Grace in the age of cancel culture

After using an anti-Semitic term while livestreaming a video game, Meyers Leonard will no longer play for the Miami Heat. 

A trade was made with the Oklahoma City Thunder. He was waived from the team March 25. 

It is imperative as a society, that we begin to question why anytime a person makes a mistake, our first instinct is to cancel them.

The Miami Heat released a team statement, which unequivocally denounced the use of such language. 

Meyers released a statement, apologizing for using the offensive term. 

“The words used by Meyers Leonard were wrong and we will not tolerate hateful language from anyone associated with our franchise,” the statement said. 

Twitter was left ablaze. Another rising star needed to be dragged down to perfect our broken society. 

On March 10, Julian Edelman, wide receiver for the New England Patriots, did something unusual for the world of Twitter. 

He offered mercy. 

On Wednesday’s post, Edelman reached out to Leonard with his own statement. 

“So, we’ve never met I hope we can one day soon,” Edelman said. “I’m sure you’ve been getting lots of criticism for what you said. Not trying to add to that, I just want to offer some perspective.” 

Edelman said he doesn’t believe he used the pejorative term with malicious intent. 

“Casual ignorance is hard to combat and has greater reach, especially when you command great influence,” Edelman said. 

He concluded the statement with an offer. 

“I’m down in Miami fairly often,” Edelman said. “Let’s do a Shabbat dinner with some friends I’ll show you a fun time.”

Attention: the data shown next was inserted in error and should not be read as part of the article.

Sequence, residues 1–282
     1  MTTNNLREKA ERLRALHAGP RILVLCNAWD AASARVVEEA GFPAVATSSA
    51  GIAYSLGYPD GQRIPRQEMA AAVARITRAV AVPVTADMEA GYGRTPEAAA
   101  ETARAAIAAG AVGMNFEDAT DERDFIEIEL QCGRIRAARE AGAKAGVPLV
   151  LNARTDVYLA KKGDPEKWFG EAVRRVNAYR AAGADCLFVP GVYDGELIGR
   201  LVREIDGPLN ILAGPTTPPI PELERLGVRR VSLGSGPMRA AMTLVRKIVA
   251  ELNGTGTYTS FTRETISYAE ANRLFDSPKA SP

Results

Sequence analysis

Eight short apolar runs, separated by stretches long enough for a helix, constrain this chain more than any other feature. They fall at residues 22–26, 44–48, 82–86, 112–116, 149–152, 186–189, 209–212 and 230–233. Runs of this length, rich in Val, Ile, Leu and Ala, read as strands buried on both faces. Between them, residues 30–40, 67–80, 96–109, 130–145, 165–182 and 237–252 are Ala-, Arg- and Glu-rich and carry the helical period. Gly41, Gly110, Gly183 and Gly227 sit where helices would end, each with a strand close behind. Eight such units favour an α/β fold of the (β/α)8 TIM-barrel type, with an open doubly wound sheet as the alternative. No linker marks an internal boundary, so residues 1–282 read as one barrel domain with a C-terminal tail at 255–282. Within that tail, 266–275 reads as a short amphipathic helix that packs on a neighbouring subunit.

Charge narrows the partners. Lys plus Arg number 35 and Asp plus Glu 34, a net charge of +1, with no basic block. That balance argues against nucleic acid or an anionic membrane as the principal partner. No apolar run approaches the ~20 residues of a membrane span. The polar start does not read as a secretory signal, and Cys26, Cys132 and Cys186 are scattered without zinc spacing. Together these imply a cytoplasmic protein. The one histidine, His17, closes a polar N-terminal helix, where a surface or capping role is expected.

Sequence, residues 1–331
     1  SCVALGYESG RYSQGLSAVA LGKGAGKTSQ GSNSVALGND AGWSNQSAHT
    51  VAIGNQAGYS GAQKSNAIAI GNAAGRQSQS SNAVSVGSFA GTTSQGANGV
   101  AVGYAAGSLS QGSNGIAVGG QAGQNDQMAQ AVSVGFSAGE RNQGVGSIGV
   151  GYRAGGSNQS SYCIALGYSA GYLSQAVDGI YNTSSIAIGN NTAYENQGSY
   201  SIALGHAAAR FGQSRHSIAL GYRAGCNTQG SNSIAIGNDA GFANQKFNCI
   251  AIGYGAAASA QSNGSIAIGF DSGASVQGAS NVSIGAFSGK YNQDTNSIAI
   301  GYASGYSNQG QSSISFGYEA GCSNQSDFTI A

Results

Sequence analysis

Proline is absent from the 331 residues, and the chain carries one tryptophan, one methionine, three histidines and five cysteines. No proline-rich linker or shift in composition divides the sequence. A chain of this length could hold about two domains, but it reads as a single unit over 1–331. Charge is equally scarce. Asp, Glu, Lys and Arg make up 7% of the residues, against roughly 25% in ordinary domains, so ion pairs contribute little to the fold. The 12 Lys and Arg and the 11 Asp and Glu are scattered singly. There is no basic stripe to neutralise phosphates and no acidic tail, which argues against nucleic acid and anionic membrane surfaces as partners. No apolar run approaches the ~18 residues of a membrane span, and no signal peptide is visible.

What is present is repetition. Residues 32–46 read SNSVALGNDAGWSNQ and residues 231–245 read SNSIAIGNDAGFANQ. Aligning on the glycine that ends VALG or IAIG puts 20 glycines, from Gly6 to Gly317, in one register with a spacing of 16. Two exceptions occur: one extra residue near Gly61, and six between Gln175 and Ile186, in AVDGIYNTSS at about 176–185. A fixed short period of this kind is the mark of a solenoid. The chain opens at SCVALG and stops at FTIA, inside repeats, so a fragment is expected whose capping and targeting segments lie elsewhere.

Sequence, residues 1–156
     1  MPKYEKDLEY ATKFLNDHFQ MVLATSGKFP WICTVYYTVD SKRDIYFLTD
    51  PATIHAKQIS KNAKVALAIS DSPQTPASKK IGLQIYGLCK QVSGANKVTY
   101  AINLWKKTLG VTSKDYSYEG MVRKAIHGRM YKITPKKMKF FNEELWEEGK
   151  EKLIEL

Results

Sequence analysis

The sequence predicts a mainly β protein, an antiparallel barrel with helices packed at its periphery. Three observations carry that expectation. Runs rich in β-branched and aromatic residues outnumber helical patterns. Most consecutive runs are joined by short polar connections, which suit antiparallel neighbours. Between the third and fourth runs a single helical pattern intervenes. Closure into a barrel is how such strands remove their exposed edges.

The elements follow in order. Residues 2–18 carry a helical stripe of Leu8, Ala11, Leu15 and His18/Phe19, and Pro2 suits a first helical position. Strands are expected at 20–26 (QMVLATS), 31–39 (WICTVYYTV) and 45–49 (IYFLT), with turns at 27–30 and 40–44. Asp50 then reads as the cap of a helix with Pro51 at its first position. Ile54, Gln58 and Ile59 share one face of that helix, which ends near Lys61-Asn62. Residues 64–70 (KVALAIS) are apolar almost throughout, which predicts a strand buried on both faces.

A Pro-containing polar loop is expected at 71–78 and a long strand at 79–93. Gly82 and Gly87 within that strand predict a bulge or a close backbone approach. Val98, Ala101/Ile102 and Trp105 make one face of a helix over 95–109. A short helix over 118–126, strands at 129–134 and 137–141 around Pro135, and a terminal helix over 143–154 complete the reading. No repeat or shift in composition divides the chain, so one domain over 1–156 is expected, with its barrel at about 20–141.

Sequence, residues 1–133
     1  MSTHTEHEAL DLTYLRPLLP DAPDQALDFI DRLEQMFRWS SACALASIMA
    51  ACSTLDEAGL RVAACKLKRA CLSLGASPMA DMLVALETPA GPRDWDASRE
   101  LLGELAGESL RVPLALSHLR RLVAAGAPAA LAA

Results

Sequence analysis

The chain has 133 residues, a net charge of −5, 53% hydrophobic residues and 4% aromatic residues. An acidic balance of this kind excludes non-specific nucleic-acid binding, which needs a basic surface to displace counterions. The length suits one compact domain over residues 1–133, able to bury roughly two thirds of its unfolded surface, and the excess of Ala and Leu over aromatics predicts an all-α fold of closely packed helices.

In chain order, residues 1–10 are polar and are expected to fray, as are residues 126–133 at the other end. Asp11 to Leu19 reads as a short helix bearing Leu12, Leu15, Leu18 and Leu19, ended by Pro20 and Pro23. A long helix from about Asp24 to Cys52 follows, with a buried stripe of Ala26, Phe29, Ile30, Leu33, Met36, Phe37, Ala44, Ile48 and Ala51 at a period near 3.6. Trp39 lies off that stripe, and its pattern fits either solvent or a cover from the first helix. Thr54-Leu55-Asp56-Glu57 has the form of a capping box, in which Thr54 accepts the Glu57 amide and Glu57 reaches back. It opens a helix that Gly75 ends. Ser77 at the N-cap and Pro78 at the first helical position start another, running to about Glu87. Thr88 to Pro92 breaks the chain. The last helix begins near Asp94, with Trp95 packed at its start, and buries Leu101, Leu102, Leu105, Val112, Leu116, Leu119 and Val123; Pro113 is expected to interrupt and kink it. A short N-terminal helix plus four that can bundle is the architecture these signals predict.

Edelman could have said nothing. Or he could have joined the chorus. 

He had no obligation to Meyer. 

Instead, he offered Leonard a chance at redemption. 

I hope that Leonard accepts the offer. Hopefully it will be a bright day in a dimming world. 

Is it possible that sometimes people aren’t necessarily evil when they say ignorant things? 

What does it say about us as a country that our first impulse is to “cancel?” 

Can you cancel a life? 

Leonard apologized the same day and took accountability for his actions. No other accusations have been leveled against him. 

What if we could sit with ignorance with assertiveness and grace. 

My hope is that he will have another opportunity to play basketball. I hope he won’t be defined by this bad moment. 

The anti-Semitic slur that Leonard used was totally unacceptable. A meaningful punishment of some sort was required. 

His removal from the team will not make the world a purer place. 

As Charles Barkley put it simply on TNT’s, Inside the NBA, “He made a huge mistake.” 

“We live in a society today,” Barkley said. “They call it the cancel culture, when everybody says something stupid or dumb, we want to end their life.” 

“I’m not a big believer in that,” Barkley said. 

In the rush to become a tolerant society, have we forgotten to be forgiving of mistakes? 

What’s interesting about Barkley’s statement is how he made reference to death when it came to cancel culture. 

We want to end their life. Life as they knew it.

While some examples of cancellation are completely acceptable – Harvey Weinstein, Bill Cosby, etc – at some point, we must draw a line to distinguish between criminals and dumb choices.  

Our society feels the desire to lay waste to those who have royally screwed up. 

There are many reasons we have arrived at this moment. Powerful figures have often hid behind their prestige and bank accounts to avoid facing the gavel of justice. 

Yet, is there not a way to confront this reality without becoming what we hate? 

Edelman not only showed compassion – he gave clear boundaries. 

Endless rage, as I am beginning to understand myself, will not bring about a fairer world. 

Maybe our redemption can be gained when we give a hand to those who have fallen.